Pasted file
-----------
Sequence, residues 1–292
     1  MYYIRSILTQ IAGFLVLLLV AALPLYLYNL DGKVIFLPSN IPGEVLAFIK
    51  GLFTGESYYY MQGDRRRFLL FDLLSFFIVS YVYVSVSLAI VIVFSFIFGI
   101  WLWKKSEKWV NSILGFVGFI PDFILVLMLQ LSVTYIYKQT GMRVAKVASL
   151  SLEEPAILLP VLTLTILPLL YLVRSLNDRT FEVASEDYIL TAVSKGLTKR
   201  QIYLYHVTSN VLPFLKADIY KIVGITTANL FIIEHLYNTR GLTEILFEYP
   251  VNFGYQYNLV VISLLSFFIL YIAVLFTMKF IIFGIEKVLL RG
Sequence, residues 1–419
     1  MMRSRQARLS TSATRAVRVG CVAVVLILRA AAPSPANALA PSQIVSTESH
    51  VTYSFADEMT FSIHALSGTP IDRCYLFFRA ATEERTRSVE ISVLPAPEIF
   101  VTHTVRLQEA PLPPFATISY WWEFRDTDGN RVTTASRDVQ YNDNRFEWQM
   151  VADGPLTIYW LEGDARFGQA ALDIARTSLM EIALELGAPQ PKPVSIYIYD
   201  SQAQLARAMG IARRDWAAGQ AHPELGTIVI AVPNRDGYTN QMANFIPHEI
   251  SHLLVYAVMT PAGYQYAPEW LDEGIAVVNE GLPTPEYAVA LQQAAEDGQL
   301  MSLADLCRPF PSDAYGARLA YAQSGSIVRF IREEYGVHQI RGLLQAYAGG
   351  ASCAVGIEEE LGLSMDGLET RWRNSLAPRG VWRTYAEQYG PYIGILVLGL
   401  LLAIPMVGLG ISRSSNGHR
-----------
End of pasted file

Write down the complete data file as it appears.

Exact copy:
Sequence, residues 1–292
     1  MYYIRSILTQ IAGFLVLLLV AALPLYLYNL DGKVIFLPSN IPGEVLAFIK
    51  GLFTGESYYY MQGDRRRFLL FDLLSFFIVS YVYVSVSLAI VIVFSFIFGI
   101  WLWKKSEKWV NSILGFVGFI PDFILVLMLQ LSVTYIYKQT GMRVAKVASL
   151  SLEEPAILLP VLTLTILPLL YLVRSLNDRT FEVASEDYIL TAVSKGLTKR
   201  QIYLYHVTSN VLPFLKADIY KIVGITTANL FIIEHLYNTR GLTEILFEYP
   251  VNFGYQYNLV VISLLSFFIL YIAVLFTMKF IIFGIEKVLL RG
Sequence, residues 1–419
     1  MMRSRQARLS TSATRAVRVG CVAVVLILRA AAPSPANALA PSQIVSTESH
    51  VTYSFADEMT FSIHALSGTP IDRCYLFFRA ATEERTRSVE ISVLPAPEIF
   101  VTHTVRLQEA PLPPFATISY WWEFRDTDGN RVTTASRDVQ YNDNRFEWQM
   151  VADGPLTIYW LEGDARFGQA ALDIARTSLM EIALELGAPQ PKPVSIYIYD
   201  SQAQLARAMG IARRDWAAGQ AHPELGTIVI AVPNRDGYTN QMANFIPHEI
   251  SHLLVYAVMT PAGYQYAPEW LDEGIAVVNE GLPTPEYAVA LQQAAEDGQL
   301  MSLADLCRPF PSDAYGARLA YAQSGSIVRF IREEYGVHQI RGLLQAYAGG
   351  ASCAVGIEEE LGLSMDGLET RWRNSLAPRG VWRTYAEQYG PYIGILVLGL
   401  LLAIPMVGLG ISRSSNGHR